2015 - Volume #39, Issue #4, Page #09[ Sample Stories From This Issue | List of All Stories In This Issue | Print this story | Read this issue]
He Kills Buckthorn With Plastic Bags
“It works on plants as small as a pinky finger up to 4 in. in diameter,” he says.
He cuts the buckthorn off and then covers the stump with his patent-pending, 5 mil black plastic bag secured with a zip tie.
“Fanning out the bottom of the bag stops new sprouts,” he adds.
He recommends cutting and bagging the buckthorn in spring when it blossoms and leaving the bag on for a year. Then the bags can be reused and placed on another buckthorn stump.
“We have a 100 percent kill rate with this bag,” Hamilton says.
In 2014, Hamilton and his parents founded Buckthorn Baggies and started selling packages of 30, 100, 200 and 500 bags with zip ties and instructions. Every 10th bag has a Do Not Remove label that explains what it is, so that people don’t “clean up” and take the bags.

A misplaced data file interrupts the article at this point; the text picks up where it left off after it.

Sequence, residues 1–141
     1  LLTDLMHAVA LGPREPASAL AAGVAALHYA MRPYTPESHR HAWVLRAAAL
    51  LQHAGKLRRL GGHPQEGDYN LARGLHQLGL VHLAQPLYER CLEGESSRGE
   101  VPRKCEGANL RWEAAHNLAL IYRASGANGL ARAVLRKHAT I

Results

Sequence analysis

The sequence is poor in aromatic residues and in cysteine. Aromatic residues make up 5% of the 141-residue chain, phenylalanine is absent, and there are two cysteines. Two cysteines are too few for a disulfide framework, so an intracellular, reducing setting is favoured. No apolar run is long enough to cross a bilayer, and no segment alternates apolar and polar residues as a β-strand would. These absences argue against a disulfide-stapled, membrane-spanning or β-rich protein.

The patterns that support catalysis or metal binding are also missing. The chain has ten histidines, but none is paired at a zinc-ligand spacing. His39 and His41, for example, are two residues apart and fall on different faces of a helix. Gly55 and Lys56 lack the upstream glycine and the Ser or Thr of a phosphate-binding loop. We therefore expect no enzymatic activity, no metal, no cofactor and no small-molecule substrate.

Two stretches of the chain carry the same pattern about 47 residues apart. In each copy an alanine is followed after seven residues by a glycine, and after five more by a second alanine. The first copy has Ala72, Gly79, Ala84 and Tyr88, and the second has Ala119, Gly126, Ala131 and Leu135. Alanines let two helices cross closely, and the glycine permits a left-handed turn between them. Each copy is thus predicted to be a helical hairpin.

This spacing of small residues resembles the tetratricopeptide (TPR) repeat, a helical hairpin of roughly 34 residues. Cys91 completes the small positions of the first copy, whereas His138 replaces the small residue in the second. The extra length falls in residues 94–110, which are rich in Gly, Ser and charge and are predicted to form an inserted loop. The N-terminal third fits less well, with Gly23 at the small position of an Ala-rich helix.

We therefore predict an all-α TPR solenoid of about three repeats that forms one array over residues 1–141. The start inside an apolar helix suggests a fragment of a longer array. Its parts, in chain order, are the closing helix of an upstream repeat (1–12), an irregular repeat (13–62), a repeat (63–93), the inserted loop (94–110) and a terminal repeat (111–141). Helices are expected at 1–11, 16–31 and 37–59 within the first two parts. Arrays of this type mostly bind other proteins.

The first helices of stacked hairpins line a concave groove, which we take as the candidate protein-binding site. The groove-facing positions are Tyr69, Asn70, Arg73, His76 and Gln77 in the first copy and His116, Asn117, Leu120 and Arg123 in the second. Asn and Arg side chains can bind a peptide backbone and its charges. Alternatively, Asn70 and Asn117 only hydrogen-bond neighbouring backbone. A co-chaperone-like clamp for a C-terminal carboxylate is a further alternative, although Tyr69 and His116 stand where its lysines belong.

Interest has grown for his bags since Hamilton started giving presentations to conservation and other groups. Some customers are using the baggies on other invasive plants.
The young entrepreneur notes that 10 bags are donated to nonprofit organizations for every 100 sold. Prices start at $29.99 (plus $5.99 S&H) for 30 bags.
Contact: FARM SHOW Followup, Matthew J. Hamilton, Buckthorn Baggies, 7282 Newbury Ct., Woodbury, Minn. 55125 (ph 651 738-9774; www.buckthornbaggie.com; firstname.lastname@example.org).
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